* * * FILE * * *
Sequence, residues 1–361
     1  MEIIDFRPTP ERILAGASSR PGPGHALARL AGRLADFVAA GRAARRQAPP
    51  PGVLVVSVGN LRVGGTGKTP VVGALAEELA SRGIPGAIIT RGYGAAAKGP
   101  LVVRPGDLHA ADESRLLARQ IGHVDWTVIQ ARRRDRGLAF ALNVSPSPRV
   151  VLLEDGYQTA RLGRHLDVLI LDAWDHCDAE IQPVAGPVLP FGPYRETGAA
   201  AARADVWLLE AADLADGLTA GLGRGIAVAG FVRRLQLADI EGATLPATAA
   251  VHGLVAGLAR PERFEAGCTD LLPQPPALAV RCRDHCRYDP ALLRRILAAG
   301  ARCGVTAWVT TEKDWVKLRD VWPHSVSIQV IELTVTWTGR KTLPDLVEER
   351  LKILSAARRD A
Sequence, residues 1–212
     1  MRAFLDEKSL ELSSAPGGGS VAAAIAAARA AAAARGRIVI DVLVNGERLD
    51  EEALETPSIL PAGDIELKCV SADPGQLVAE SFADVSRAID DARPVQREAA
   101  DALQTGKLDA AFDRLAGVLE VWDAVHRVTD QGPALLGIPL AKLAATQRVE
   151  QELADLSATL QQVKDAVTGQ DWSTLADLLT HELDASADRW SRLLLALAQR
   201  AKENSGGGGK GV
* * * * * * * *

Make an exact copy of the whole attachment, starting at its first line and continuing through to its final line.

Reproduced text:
Sequence, residues 1–361
     1  MEIIDFRPTP ERILAGASSR PGPGHALARL AGRLADFVAA GRAARRQAPP
    51  PGVLVVSVGN LRVGGTGKTP VVGALAEELA SRGIPGAIIT RGYGAAAKGP
   101  LVVRPGDLHA ADESRLLARQ IGHVDWTVIQ ARRRDRGLAF ALNVSPSPRV
   151  VLLEDGYQTA RLGRHLDVLI LDAWDHCDAE IQPVAGPVLP FGPYRETGAA
   201  AARADVWLLE AADLADGLTA GLGRGIAVAG FVRRLQLADI EGATLPATAA
   251  VHGLVAGLAR PERFEAGCTD LLPQPPALAV RCRDHCRYDP ALLRRILAAG
   301  ARCGVTAWVT TEKDWVKLRD VWPHSVSIQV IELTVTWTGR KTLPDLVEER
   351  LKILSAARRD A
Sequence, residues 1–212
     1  MRAFLDEKSL ELSSAPGGGS VAAAIAAARA AAAARGRIVI DVLVNGERLD
    51  EEALETPSIL PAGDIELKCV SADPGQLVAE SFADVSRAID DARPVQREAA
   101  DALQTGKLDA AFDRLAGVLE VWDAVHRVTD QGPALLGIPL AKLAATQRVE
   151  QELADLSATL QQVKDAVTGQ DWSTLADLLT HELDASADRW SRLLLALAQR
   201  AKENSGGGGK GV